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Books Through the Ages
By ISJL Education Fellow Josh Altshuler
The ISJL educational curriculum promotes youth engagement with Judaism through thoughtfully-constructed book lists. While activities shape the core format of ISJL lessons, texts advance early childhood programming all the way to high school learning. A Jewish education can lack meaning without the aid of books. Bright colors, humorous characters, images of culture, and reflective morals affirm the power of Jewish literature. For centuries of Jewish history, secular and religious scholars passionately studied the Torah and its commentaries. The ISJL celebrates the centrality of books to the Jewish experience by reinforcing literacy and critical analysis as principal tenets. This guide can connect teachers and parents to the textual framework of the organization.
The Early Childhood program allocates time for a story in each class session. The first pages of the Early Childhood curriculum include a long list of recommended books that correspond to the Jewish holidays. These books offer an excellent illustrated introduction to Jewish topics and festivals with familiar characters like the inquisitive Sammy Spider. The Kindergarten and First Grade curriculum spirals also make use of storybooks. Both grades list three literature options for each class lesson; the first book listed represents the most revered. These books are considered non-consumables as they can be revisited every religious school year and can be transferred between teachers.
The First and Second Grade curricula additionally incorporate consumable workbooks. The “Let’s Discover” series by Behrman House allows children to write in their own packets while responding to questions, discussions, and stories about the holidays and Jewish values. Before beginning a lesson, teachers prepare the consumables for each student. First and second graders will have multiple personalized booklets that they can take home at the end of the religious school year and share knowledge with their families.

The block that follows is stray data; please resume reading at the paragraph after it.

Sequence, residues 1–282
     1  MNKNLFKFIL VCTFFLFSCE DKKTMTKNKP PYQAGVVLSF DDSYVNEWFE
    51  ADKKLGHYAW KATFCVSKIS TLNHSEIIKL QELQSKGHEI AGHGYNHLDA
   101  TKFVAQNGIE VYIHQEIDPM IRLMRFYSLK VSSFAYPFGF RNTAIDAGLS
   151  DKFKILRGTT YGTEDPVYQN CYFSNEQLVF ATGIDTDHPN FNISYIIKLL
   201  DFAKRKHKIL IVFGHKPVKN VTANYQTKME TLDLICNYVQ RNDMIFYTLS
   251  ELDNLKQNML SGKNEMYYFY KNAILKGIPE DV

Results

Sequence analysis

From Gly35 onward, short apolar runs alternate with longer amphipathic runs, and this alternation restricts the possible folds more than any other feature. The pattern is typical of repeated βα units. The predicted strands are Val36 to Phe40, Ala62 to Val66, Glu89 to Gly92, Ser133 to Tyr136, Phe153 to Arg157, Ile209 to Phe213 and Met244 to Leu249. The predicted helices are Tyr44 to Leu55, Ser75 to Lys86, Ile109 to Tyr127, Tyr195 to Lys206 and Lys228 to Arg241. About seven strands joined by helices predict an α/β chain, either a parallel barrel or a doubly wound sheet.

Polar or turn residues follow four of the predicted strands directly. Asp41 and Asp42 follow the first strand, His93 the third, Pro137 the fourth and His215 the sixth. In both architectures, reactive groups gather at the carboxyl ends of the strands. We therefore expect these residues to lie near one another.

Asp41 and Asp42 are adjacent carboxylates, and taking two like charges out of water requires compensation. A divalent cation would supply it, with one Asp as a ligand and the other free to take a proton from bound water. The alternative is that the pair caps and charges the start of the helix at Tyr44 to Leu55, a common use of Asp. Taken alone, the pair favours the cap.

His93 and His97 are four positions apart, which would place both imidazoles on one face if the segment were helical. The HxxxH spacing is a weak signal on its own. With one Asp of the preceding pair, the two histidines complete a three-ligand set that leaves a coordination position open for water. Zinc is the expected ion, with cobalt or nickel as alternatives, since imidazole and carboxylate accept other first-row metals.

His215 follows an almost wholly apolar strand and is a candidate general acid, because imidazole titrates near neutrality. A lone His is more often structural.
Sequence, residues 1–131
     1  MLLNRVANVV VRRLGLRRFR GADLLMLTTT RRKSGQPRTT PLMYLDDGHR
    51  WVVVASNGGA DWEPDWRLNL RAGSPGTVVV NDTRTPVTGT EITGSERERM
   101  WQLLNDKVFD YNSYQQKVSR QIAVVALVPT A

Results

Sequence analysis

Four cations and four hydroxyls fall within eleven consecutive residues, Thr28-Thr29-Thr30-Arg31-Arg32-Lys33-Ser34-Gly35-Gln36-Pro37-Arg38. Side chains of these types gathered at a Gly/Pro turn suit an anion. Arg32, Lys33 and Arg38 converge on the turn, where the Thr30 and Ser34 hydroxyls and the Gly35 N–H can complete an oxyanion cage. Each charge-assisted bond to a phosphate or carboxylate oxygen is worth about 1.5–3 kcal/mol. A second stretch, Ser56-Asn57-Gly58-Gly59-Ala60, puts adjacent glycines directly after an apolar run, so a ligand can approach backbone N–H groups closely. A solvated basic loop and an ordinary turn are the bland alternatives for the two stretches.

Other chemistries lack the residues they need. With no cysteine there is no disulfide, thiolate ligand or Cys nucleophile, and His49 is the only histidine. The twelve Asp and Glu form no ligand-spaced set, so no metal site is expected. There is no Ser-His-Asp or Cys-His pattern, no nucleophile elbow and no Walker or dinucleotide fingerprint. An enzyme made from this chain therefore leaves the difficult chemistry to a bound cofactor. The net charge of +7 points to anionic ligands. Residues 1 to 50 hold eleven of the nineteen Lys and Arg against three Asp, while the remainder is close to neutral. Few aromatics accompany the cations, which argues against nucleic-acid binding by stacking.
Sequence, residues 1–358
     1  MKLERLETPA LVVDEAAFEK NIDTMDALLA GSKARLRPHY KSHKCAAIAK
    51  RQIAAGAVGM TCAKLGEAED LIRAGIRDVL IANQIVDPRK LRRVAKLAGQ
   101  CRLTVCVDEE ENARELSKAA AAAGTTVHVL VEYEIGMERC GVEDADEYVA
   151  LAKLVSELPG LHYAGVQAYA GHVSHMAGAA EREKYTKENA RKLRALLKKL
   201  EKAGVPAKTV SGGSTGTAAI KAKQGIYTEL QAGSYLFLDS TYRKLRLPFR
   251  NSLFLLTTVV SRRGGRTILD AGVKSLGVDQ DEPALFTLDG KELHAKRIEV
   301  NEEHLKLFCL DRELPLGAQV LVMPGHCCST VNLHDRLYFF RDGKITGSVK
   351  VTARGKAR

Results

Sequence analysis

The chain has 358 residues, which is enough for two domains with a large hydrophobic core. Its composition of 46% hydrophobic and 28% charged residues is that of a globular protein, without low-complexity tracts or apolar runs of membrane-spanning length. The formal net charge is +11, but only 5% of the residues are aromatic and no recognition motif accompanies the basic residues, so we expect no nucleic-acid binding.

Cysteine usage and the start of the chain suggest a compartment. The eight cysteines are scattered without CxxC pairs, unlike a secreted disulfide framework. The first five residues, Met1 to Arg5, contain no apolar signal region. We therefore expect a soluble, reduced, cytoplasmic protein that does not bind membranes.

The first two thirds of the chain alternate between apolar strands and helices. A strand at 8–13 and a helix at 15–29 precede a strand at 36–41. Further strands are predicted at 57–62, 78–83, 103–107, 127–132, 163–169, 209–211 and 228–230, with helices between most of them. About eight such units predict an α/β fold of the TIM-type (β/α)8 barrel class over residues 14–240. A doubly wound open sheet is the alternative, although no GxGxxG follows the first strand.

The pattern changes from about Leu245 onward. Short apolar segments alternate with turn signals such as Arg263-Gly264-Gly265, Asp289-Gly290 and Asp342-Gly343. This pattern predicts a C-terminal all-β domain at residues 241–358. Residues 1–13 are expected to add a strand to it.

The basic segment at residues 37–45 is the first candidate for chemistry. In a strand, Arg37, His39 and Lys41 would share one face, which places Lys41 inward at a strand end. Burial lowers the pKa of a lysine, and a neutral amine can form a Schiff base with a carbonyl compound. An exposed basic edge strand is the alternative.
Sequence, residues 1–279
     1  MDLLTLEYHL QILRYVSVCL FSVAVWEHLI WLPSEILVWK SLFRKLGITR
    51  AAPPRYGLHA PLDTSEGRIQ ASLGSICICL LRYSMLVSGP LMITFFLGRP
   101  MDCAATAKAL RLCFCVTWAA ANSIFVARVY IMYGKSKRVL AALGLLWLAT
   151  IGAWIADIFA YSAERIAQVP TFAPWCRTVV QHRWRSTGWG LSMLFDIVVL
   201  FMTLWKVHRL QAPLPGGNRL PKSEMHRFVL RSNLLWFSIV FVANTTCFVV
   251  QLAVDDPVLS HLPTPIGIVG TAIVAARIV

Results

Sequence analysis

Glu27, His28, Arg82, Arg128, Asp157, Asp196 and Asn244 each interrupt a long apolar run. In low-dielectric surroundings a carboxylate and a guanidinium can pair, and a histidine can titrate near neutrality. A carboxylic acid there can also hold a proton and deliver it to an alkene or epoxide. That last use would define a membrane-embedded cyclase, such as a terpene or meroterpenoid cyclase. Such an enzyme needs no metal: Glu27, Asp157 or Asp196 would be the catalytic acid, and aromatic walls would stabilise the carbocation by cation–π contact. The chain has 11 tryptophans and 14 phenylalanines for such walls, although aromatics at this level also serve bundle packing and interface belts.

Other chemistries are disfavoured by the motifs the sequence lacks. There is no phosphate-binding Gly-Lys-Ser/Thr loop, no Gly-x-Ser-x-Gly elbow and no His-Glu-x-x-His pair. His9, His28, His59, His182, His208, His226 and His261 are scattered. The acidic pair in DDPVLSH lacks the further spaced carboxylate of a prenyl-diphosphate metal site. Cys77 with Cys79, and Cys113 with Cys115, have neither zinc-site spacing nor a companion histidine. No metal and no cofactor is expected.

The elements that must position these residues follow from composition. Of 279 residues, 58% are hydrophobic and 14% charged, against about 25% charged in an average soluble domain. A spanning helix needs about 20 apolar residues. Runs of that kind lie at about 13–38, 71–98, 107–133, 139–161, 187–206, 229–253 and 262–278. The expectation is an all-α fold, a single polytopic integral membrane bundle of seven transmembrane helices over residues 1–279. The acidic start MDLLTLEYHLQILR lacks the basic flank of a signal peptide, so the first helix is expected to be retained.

The subsequent elementary and middle school curriculum mainly consult textbooks rather than fiction or nonfiction pieces. These textbooks help students as they closely explore the Torah, Haftarah, and Jewish values and prepare for their b’nei mitz’vah. However, teachers and mad’richim (counselors/teacher’s aides) can supplement lessons with applicable stories from previous book lists or based on recommendations from people like the ISJL Education Fellows. The Eighth Grade curriculum references a few specific literary works for student engagement such as Elie Wiesel’s Night. The inclusion of these influential Jewish books assists teenagers as they study the complexities of Jewish history and culture. Finally, many ISJL High School lessons refine skills of argumentation and assessment using world newspapers and explicitly Jewish periodicals.
The ISJL admires the significance of books for children throughout their education. Using the curriculum book lists, instructors can empower a love for reading, language, and perspective for students at an early age. Moreover, the ISJL looks forward to connecting southern communities with alternative texts, heightening Jewish relationships to heritage, holiness, and home.